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Impaired endothelial function is observed in disease states related to obesity, such as atherosclerosis, coronary artery disease, and diabetes. Reactive oxygen species (ROS) production and resultant oxidative stress contribute to the development of these obesity-related diseases. The enzyme NADPH-oxidase is a major source of oxidative stress within the vasculature, and has been linked with the Metabolic Syndrome. In the investigator's previously funded studies, the investigators demonstrated for the first time that: 1) in vivo ROS were elevated in skeletal muscle of obese as compared to lean or overweight human subjects, 2) perfusion of the NADPH-oxidase inhibitor apocynin locally into muscle normalized ROS levels and reversed local microvascular endothelial dysfunction in the obese individuals, and 3) aerobic exercise training was effective at attenuating in vivo hydrogen peroxide production and reversing microvascular endothelial dysfunction in the obese individuals. The investigators will investigate in this R15 renewal application the mechanism of exercise training-induced alterations in ROS production and action on endothelial dysfunction in obesity using our newly developed microdialysis methodology of monitoring ROS production, in combination with analysis of muscle biopsy samples obtained before and after our previously tested 8-week intervention of aerobic interval exercise training. The objectives of this study are to determine the impact of in vivo NADPH oxidase activity on endothelial function in obese individuals, and to determine the mechanism of training-induced improvements in endothelial function. The investigator's unique microdialysis methodology will allow monitoring of microvascular/endothelial function and ROS generation, as well as the administration of pharmacological agents directly into muscle. The central hypothesis is that it is upregulation of both mitochondrial ROS and NADPH oxidase-derived ROS that results in endothelial dysfunction in obesity, and that exercise training down-regulates mitochondrial-derived ROS, and NADPH oxidase 4, thereby improving endothelial function. The aims of this proposal are to: 1) determine the contributions of mitochondrial ROS and specific NADPH oxidase isoforms to the NADPH oxidase dependent endothelial dysfunction in skeletal muscle of obese individuals; 2) determine the mechanism of ROS reduction and improved endothelial function resulting from an 8-week aerobic interval training program.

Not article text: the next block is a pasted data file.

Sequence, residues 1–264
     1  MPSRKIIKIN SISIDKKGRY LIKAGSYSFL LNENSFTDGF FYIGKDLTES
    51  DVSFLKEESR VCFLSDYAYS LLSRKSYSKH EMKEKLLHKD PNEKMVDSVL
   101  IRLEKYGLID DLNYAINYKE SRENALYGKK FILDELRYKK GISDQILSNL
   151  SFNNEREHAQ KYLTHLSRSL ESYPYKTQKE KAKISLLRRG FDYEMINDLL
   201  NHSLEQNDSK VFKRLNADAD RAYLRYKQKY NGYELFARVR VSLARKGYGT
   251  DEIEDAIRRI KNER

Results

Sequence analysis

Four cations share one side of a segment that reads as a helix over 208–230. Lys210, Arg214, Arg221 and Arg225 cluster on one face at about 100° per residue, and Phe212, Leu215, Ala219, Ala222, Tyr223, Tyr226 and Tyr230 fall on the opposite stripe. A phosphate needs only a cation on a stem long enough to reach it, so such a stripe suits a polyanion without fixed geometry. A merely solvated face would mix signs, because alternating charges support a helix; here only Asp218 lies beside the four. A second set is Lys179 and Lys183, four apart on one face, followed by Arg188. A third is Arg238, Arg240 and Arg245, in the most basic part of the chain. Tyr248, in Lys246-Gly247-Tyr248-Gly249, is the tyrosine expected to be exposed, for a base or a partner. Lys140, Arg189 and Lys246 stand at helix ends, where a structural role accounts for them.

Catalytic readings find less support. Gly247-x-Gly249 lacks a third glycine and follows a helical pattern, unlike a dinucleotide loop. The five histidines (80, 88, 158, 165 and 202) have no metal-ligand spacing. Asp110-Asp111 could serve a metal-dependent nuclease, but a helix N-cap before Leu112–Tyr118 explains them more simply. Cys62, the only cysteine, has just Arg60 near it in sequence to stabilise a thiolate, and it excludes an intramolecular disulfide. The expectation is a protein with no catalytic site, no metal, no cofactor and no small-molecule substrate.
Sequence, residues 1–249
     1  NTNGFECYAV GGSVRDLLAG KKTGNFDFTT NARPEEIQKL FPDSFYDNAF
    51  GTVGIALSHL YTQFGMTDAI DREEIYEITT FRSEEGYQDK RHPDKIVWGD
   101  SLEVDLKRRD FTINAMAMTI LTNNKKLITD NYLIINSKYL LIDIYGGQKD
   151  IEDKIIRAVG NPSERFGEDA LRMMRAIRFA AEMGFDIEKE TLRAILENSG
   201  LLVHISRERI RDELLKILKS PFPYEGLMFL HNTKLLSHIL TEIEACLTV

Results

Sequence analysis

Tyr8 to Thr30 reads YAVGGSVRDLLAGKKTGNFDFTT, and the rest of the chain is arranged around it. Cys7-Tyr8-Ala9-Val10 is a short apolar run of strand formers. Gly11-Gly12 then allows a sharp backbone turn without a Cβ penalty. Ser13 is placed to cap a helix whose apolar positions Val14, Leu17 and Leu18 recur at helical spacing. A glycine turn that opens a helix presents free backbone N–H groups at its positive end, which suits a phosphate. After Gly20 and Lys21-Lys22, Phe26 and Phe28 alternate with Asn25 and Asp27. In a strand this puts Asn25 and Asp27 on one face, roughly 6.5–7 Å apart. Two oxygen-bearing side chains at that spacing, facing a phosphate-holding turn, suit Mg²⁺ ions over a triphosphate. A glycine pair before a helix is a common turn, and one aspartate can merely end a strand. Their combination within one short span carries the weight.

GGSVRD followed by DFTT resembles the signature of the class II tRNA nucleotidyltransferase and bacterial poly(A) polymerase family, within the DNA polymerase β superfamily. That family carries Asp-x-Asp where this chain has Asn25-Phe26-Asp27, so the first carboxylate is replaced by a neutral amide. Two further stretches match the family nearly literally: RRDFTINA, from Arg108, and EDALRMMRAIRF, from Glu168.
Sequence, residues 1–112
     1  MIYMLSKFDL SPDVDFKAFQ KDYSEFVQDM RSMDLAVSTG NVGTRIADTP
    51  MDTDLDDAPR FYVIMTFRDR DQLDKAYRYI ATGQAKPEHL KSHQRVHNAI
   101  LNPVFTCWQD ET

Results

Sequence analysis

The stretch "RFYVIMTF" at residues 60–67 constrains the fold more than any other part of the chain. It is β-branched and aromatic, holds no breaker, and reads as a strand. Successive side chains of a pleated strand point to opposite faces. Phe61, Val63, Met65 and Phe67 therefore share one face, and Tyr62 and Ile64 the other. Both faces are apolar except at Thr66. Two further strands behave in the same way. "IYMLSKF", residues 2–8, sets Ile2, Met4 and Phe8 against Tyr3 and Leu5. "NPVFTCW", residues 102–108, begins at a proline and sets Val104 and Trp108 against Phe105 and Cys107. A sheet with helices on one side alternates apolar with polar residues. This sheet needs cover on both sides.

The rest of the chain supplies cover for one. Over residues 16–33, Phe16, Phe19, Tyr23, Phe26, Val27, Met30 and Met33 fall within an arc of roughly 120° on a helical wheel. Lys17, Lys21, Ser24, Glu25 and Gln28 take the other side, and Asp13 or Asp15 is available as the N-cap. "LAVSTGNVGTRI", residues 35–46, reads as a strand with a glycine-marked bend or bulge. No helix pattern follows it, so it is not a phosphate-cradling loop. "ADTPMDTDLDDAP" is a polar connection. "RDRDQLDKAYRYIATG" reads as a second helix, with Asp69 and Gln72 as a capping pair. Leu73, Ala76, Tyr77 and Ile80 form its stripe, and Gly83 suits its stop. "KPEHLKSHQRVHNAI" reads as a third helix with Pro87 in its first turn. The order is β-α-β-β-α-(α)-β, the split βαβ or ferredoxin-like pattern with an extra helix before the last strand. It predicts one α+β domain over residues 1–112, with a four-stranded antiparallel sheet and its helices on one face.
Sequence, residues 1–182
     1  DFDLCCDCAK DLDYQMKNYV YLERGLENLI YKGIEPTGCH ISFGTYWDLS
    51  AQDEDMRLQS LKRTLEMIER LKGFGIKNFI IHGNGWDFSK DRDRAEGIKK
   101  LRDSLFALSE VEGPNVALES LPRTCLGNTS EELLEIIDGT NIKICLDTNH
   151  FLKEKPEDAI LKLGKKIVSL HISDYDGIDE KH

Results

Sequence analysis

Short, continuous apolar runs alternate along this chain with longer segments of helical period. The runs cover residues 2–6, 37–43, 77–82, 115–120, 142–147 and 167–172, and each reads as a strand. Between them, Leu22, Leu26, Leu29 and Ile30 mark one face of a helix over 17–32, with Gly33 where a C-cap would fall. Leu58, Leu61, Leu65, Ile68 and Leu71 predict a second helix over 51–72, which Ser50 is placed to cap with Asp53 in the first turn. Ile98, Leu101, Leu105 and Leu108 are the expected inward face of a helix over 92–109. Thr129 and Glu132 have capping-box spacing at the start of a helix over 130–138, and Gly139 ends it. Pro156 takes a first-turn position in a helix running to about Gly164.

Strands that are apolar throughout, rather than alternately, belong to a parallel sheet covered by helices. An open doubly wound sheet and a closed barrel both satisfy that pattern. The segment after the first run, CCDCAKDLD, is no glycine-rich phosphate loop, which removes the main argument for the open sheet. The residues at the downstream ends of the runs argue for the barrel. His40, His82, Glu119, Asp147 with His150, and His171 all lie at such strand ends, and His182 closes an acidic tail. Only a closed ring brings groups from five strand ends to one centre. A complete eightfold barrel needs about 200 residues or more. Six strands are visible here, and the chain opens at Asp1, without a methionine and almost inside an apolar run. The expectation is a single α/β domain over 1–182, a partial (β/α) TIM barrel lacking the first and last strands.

Twenty-five sedentary class 2 and above obese [body mass index (BMI) >35 kg/m2, waist circumference >40 inches (men) or >35 inches (women)] men and women (18-45 yrs) will participate in these experiments. Individuals under 18 years of age will not be investigated due to the invasive nature of the protocol. Individuals greater than 45 years of age will not be investigated due to the age-related decline in endothelial function. There will be no restrictions with regard to race, sex, or socioeconomic status. Women will be premenopausal, will be on combined estrogen/progestin hormonal contraceptive therapy (oral pill, transdermal patch or vaginal ring) and will be studied within the seven day inactive (placebo) phase of hormonal contraceptive therapy (comparable to the early follicular phase in the normal menstrual cycle; verified by blood estradiol analyses). Ensuring consistency in studying the women during the phase of hormonal contraceptive therapy with lowest plasma estradiol concentrations is important due to the known positive effects of estradiol on endothelial function. Sedentary obese individuals will have been weight stable for the preceding 6 months, and will have the Metabolic Syndrome. The Metabolic Syndrome will be defined according to the most widely used criteria for the Metabolic Syndrome from the Third Report of the National Cholesterol Education Program Expert Panel on Detection, Evaluation, and Treatment of High Blood Cholesterol in Adults (Adult Treatment Panel III). Individuals with the Metabolic Syndrome have at least three of the following:1) Central obesity as measured by waist circumference (men >40 inches; women >35 inches); 2) Fasting blood triglycerides > 150 mg/dL; 3) Blood HDL cholesterol in men<40 mg/dL and women <50 mg/dL; 4) Blood pressure > 130/85 mmHg; 5) Fasting blood glucose > 110 mg/dL, and (not per ATP III) a 2-hour GTT glucose of 140-200 mg/dl.